Louis Brandeis Biography, Life, Interesting Facts
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Early Life And Education
American lawyer and associate justice Louis Dembitz Brandeis was born on November 13, 1856 in Kentucky. He came from a cultured Jewish family, who often talked about subjects related to history, politics, and culture. As a child, he often read writings by Goethe and Schiller, and listened to Beethoven and Schuman. Although the family was Jewish, they did not practice Judaism, but instead celebrated Christian holidays along with the community. In later life, influenced by his uncle, Brandeis became an active member of the Zionist movement.
Louis Brandeis was a serious student and enjoyed learning languages, music and politics. He was the top student in his class and graduated from Louisville Male High School when he was 14 years old, receiving the highest honors. The family anticipated an economic downturn in the country, and to avoid it, moved to Europe in 1872. During this time, Brandeis attended the Annenschule in Dresden, Saxony.
In 1875, Louis Brandeis and his family returned to the United States, and he entered Harvard Law School. During his time in Harvard, the school changed its methods to using the interactive Socratic method with prior cases as a basis for discussion. His eyesight started to give up, since Brandeis had to read a large amount of material, usually under a gaslight. Doctors suggested that he would give up school entirely, but he started to pay fellow students to read textbooks loud. Despite the difficulties he experienced, Brandeis became a valedictorian and achieved highest grade point average in the history of Harvard Law. He graduated in 1875 when he was just 20 years old.
After finishing law school, Louis Brandeis started to practice law in St. Louis, Missouri. After a brief period, he returned to Boston and set up his law firm Warren and Brandeis. Samuel Warren was his classmate from the university. One of their most famous works was the article on Harvard Law Review “The Right to Privacy.” The article argued that citizens should be given privacy and their photos or details about their life should not be permitted to be published by the press.
During his time as a lawyer, Louis Brandeis was advocating against monopolies and large corporations. He was a passionate advocate of free speech. Brandeis gained the reputation as “the people’s attorney” since he refused payment for his services. One of his most notable cases was when he helped to save the Boston subway system and broke up the New Haven Railroad company. He also fought to set limits of work hours and determine the necessary conditions for workers to work in. In the Muller v. Oregon case, Brandeis included historical, sociological and scientific data to support his case.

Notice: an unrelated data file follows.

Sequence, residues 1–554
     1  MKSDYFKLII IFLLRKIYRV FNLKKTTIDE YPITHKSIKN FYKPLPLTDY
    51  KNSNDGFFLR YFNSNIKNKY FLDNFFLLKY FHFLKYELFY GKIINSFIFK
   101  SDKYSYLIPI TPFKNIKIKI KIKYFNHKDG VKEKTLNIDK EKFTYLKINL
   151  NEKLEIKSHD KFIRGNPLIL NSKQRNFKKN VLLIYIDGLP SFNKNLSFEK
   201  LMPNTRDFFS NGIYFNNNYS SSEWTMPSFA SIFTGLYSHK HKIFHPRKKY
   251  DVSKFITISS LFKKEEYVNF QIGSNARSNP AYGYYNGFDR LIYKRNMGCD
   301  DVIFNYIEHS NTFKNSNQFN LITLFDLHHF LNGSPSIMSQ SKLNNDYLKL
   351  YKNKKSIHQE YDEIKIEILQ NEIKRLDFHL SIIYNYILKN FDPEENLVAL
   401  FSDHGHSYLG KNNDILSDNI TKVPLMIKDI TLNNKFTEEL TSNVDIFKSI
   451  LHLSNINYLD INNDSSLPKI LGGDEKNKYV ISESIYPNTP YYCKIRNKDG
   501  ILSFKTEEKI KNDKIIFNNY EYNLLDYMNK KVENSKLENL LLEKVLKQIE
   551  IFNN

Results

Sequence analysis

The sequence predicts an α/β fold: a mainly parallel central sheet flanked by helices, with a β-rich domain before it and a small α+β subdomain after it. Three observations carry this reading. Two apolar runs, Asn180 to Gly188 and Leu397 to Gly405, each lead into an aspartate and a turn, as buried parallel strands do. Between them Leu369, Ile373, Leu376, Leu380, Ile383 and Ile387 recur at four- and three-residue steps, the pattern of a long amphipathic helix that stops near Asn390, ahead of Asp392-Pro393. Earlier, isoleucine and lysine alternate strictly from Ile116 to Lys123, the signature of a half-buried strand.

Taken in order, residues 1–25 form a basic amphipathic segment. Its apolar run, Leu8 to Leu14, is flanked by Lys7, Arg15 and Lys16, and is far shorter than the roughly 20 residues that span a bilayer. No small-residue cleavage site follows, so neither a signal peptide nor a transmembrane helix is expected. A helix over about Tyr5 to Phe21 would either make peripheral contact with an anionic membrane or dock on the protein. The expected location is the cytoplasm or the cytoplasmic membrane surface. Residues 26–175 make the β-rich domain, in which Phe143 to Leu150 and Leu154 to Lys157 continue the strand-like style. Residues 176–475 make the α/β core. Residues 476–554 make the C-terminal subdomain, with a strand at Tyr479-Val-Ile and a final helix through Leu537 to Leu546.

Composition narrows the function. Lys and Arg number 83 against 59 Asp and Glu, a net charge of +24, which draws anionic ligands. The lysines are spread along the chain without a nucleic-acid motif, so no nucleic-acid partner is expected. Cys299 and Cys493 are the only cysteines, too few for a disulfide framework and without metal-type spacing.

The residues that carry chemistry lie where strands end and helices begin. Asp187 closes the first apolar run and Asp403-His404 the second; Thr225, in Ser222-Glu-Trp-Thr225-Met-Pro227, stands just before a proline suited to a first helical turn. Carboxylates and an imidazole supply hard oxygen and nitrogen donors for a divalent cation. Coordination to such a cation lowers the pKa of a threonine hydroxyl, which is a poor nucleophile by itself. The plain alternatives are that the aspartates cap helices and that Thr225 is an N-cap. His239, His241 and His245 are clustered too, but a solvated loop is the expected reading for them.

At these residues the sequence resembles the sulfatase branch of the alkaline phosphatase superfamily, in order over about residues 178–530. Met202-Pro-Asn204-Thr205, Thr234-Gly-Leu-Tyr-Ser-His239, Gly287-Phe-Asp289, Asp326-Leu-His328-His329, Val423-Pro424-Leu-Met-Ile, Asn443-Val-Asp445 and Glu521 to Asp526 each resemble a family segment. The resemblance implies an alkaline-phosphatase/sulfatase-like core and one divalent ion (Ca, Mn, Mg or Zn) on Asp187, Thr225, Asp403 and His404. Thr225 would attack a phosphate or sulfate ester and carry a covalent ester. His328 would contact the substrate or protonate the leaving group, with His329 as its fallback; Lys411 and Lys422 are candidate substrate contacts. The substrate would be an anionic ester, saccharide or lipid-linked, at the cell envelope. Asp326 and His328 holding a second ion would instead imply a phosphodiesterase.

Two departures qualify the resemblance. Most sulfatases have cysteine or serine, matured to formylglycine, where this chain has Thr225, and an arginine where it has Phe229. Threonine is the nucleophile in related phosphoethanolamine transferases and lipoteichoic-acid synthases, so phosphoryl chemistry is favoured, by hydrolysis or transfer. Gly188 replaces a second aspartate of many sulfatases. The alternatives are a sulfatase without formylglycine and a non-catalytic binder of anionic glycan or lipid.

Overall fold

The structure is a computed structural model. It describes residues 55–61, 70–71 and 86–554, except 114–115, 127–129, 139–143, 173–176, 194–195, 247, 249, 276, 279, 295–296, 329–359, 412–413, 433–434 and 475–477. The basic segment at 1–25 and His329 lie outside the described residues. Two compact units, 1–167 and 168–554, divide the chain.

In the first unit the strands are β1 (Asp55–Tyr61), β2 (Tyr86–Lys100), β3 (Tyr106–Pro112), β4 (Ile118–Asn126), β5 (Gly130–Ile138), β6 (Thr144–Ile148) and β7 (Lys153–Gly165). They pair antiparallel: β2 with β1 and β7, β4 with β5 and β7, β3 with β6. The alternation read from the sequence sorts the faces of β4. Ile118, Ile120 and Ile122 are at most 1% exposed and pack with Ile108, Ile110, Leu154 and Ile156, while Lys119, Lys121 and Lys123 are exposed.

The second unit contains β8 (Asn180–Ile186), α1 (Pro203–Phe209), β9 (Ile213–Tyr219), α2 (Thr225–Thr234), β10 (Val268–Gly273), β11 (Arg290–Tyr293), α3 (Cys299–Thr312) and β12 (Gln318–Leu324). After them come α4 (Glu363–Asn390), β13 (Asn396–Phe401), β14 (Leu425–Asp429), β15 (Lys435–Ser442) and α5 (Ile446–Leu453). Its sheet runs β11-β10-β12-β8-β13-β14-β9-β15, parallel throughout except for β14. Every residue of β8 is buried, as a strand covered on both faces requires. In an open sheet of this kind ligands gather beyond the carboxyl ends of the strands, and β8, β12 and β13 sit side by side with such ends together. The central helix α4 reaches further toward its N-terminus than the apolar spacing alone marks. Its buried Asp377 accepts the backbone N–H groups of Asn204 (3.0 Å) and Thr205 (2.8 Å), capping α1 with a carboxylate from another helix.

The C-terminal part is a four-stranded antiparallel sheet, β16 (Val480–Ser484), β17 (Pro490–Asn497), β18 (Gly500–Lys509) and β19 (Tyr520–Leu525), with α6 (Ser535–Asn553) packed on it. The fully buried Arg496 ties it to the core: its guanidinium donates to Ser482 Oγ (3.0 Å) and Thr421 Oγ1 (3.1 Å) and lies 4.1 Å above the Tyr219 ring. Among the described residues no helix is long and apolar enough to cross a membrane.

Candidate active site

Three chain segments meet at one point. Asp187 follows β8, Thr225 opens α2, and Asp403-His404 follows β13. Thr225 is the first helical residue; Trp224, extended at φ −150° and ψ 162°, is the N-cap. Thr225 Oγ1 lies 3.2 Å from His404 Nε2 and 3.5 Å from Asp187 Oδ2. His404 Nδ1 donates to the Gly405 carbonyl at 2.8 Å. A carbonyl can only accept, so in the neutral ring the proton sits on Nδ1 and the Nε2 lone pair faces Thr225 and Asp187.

Louis Brandeis was first offered a position in the White House in 1913 when President Woodrow Wilson made him an offer. Brandeis declined and instead focused on his writing, publishing the Other People’s Money and How the Bankers Use It the following year. In 1916, Wilson nominated Brandeis to the Supreme Court.
At the Supreme Court, Louis Brandeis and his colleague Oliver Wendell Holmes Jr. were often against the prevailing opinion at the court. He opposed unlimited governmental power and the free interpretation of the term “industrial liberty.” He continued to oppose the control of economics by only a few people and supported the public at large.
Brandeis was a supporter of the New Deal propositions during President Franklin Roosevelt’s office. However, he was strict about his views on limiting presidential authority. He was amongst the judges who declared the 1935 National Industry Recovery Act unconstitutional. Brandeis retired in 1939.
Louis Brandeis was married one time with Alice Goldmark. The couple married in 1891 and had two daughters together.
Louis Brandeis believed that establishing and believing in a Jewish homeland; it will become easier to combat anti-Semitism. Brandeis died in 1941 after suffering from a heart attack. During his life and after his death, Brandeis received several awards and honors. Most notably, the Brandeis University in Waltham, Massachusetts is named after him. There are also several awards at the school named in his honor.